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Probiotics for Mental Health

Scientists are learning more every day about the importance of the gut microbiome. The gut is now being referred to as our “second brain”. Research has linked the gut microbiome to a variety of physical diseases and even mental disorders.

Sleep and Mental Health

Approximately 50 to 80% of psychiatric patients have sleep disorders, as opposed to 10 to 18% of the general population. Doctors have long thought that the sleep disorders were a symptom of the mental illness, but are now finding that sometimes the sleep disorders can cause the mental illness.

Oatmeal Breakfast Sausage

I’m a big fan of oatmeal. Oatmeal is high in fiber, which aids in digestion and acts as a prebiotic for good gut health. Gut health has been linked to mental health. Oatmeal is also a good source of zinc, which has antidepressant properties, reduces anxiety and protects the brain from environmental toxins.

When I heard about the “oatmeal breakfast bootcamp” recipe collection at The Watering Mouth, I was overjoyed to see the unique and fabulous oatmeal recipes. More ways to incorporate oatmeal! This inspired me to share my “secret recipe” for Oatmeal Breakfast Sausage.

Stress Busting B Vitamins!

A deficiency in B vitamins can cause psychiatric disorders like dementia, psychosis, anxiety and depression. Some B vitamins can actually increase the effectiveness of traditional antidepressants.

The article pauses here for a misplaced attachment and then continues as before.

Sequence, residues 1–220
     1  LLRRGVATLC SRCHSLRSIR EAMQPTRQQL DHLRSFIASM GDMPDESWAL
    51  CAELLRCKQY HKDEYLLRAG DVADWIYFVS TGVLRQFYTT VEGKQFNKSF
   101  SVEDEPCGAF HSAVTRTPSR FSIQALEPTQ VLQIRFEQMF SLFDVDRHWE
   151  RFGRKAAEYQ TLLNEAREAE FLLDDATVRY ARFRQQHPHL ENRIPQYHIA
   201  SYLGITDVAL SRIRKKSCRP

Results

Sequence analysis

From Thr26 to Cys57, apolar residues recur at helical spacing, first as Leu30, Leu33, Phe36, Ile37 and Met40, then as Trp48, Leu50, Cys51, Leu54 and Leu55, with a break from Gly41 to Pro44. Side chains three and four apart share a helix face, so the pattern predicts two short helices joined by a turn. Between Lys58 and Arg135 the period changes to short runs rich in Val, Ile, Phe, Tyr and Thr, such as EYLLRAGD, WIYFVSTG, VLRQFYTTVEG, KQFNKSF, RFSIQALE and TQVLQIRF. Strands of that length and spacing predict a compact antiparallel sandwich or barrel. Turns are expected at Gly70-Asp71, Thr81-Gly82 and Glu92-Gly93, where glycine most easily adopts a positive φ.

Inflammation – The Link Between Depression and Pain...

Depression and pain go hand in hand. Depression can cause pain and pain can cause depression. This can create a vicious cycle and frustration in knowing how to stop it. Pain and depression are exhausting.

Sometimes the cause of the depression and the cause of the pain are two separate things. In that case, they may need to be treated separately. But, sometimes depression and pain share a common cause and that is inflammation. Inflammation can cause both depression and pain.

Suicide Starts in the Brain

Suicide is a sensitive, difficult and important topic. It is a common misconception that most suicides occur in the wintertime, especially around the Christmas holidays. While the holidays can be a sad and lonely time for many people, according to The Center for Disease Control and Prevention and the National Center for Health Statistics, more suicides occur in the spring and summer. Late April and early May is when suicide rates are highest.